The initial attacks on the deal, which was first disclosed in an Associated Press article on February 11, were confined to governors and lawmakers in the New York region. Then, the top two Republican leaders on Capitol Hill — Senate Majority Leader Bill Frist of Tennessee and House Speaker Dennis Hastert of Illinois — announced reservations, setting up a rare confrontation with the White House. Phil Singer, communications director of the Democratic Senatorial Campaign Committee, says it could turn out to be "George Bush’s last stand — his Custer-like moment" before being consigned to lame-duck status after Congress finally prevails.

As the simmering dispute boiled over, it looked as if Bush’s only high-profile supporter would be former president Jimmy Carter, who said on CNN that he did not think the deal was a threat to the United States or its security. By day’s end, the President had another friend — his little brother, Florida Gov. Jeb Bush, who said he has "full confidence that the President of the United States will make the right decision as it relates to our national security interests." Sen. John McCain (R-Ariz.) also resisted jumping on the anti-deal bandwagon, saying in a statement that Bush’s "leadership has earned our trust in the war on terror."

Opponents of the deal are able to play the 9/11 card because the FBI has said money for the attacks on the Pentagon and World Trade Center were transferred to hijackers through the UAE banks, and some of the hijackers traveled to the U.S. through the Emirates, a federation about the size of Maine that includes Abu Dhabi and Dubai. The UAE, which is 96 percent Muslim, was one of only three countries — along with Pakistan and Saudi Arabia — to recognize the Taliban as the government of Afghanistan before it cut its diplomatic ties on Sept. 22, 2001. Although there were some initial complaints from the U.S. government about UAE resistance to helping track Osama bin Laden’s bank accounts, those complaints were very short-lived. One former Bush official went so far as to say that the UAE "became perhaps the most cooperative Arab nation in the financial war on terror — much more so than other Gulf states." It also is not lost on the Bush family that the UAE sent forces to help liberate Kuwait during the Persian Gulf War.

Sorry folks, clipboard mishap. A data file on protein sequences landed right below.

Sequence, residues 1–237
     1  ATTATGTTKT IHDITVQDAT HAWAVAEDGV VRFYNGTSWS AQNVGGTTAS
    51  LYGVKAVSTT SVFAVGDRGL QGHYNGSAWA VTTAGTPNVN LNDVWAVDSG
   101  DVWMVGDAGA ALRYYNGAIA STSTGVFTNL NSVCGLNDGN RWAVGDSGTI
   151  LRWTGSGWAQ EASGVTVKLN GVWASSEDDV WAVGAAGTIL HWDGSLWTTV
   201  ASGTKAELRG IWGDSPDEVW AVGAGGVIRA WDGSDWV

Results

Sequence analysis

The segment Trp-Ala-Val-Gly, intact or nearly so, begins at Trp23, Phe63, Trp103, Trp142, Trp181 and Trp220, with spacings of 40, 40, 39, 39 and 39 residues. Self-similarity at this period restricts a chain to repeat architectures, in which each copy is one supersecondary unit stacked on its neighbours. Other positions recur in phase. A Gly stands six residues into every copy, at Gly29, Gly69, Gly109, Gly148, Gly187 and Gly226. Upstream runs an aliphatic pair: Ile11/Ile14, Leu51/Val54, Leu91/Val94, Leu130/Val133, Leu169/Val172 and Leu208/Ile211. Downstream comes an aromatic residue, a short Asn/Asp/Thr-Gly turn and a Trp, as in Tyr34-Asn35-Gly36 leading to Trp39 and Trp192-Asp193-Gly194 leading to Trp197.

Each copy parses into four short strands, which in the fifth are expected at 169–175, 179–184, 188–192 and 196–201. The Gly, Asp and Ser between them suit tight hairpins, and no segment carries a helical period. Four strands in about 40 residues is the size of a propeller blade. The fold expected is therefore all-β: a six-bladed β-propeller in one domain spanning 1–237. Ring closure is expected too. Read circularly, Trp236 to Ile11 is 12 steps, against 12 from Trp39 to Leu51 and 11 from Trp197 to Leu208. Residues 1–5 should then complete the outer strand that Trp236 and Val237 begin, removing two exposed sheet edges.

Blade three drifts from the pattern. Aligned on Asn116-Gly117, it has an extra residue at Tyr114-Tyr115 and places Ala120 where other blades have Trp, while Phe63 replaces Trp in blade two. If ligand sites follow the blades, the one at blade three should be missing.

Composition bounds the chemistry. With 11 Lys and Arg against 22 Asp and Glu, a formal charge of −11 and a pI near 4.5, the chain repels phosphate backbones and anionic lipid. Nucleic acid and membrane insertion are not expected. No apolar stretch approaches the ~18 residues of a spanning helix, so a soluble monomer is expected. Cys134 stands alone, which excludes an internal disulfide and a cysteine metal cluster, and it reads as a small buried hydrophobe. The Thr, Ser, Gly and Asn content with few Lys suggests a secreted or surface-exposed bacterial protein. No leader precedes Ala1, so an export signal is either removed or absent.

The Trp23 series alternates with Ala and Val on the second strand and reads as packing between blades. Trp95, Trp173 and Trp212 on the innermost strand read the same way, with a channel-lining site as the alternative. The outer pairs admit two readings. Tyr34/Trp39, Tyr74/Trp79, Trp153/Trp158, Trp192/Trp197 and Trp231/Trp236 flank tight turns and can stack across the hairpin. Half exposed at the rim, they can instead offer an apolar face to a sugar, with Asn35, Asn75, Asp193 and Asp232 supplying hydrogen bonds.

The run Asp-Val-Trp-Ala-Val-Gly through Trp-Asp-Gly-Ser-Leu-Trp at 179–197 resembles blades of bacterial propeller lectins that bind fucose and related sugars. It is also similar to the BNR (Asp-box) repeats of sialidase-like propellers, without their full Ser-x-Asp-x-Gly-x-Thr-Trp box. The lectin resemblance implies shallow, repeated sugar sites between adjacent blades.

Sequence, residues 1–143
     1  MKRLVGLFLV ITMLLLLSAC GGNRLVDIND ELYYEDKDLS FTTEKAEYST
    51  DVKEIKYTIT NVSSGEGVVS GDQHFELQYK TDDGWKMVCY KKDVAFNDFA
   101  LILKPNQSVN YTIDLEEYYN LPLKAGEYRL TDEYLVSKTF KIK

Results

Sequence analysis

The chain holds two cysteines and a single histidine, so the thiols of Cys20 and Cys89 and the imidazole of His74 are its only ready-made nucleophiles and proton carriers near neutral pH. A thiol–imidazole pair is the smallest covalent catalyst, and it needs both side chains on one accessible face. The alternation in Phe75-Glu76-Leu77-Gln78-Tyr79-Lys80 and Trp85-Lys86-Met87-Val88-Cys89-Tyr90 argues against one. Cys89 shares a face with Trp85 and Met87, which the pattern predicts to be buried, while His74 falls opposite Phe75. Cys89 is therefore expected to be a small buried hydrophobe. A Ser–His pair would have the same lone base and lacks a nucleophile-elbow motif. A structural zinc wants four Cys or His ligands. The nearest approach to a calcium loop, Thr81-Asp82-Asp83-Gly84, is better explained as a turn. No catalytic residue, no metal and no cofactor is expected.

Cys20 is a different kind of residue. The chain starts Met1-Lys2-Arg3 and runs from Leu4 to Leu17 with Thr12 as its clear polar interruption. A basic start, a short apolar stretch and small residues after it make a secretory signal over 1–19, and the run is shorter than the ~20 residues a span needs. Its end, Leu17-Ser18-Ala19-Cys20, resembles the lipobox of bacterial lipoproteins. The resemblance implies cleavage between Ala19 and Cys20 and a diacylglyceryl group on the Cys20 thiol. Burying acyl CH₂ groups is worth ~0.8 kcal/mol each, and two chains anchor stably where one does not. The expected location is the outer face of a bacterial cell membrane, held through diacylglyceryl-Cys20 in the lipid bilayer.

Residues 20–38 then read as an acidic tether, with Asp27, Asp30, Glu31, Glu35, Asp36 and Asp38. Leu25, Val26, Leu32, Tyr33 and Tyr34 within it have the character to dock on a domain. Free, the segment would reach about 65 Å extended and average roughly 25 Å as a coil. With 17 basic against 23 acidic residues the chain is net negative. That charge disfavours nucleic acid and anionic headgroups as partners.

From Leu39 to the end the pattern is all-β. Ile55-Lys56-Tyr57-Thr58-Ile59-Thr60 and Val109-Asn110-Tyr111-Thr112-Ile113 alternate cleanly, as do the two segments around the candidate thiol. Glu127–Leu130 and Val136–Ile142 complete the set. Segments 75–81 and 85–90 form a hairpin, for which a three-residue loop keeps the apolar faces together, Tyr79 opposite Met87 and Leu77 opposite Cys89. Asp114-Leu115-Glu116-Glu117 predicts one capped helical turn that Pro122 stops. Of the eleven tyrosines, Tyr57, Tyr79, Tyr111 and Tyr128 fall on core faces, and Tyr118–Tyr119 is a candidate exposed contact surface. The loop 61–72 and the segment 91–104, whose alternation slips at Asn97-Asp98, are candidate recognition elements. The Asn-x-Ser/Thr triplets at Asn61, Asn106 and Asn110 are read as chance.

In his rare visit with reporters in the front cabin of Air Force One on Tuesday, the President spoke in a tone that was often sharper than usual. "They ought to listen to what I have to say about this," Bush, clad in a flight jacket, said of congressional opponents. "They ought to look at the facts, and understand the consequences of what they're going to do. But if they pass a law, I'll deal with it, with a veto."

Bush made similar remarks for cameras upon his return to the White House, without using the word "veto." It would be the first of his Presidency, and one that has a good chance of being overridden by a Congress that is tired of being dissed by this White House. Republican leaders predicted to TIME that Bush will cave in some way, perhaps allowing further review to let things cool off, or promising Congress more of a role in future decisions involving foreign control in the United States. When ABC’s Jessica Yellin asked Bush why it was so important to him to take the issue on as a political fight, he responded with an edge: "It's not a political issue." But as the ports dust-up has made abundantly clear, it's no longer up to the President to make that kind of judgment call.

With reporting by Massimo Calabresi and Matthew Cooper/Washington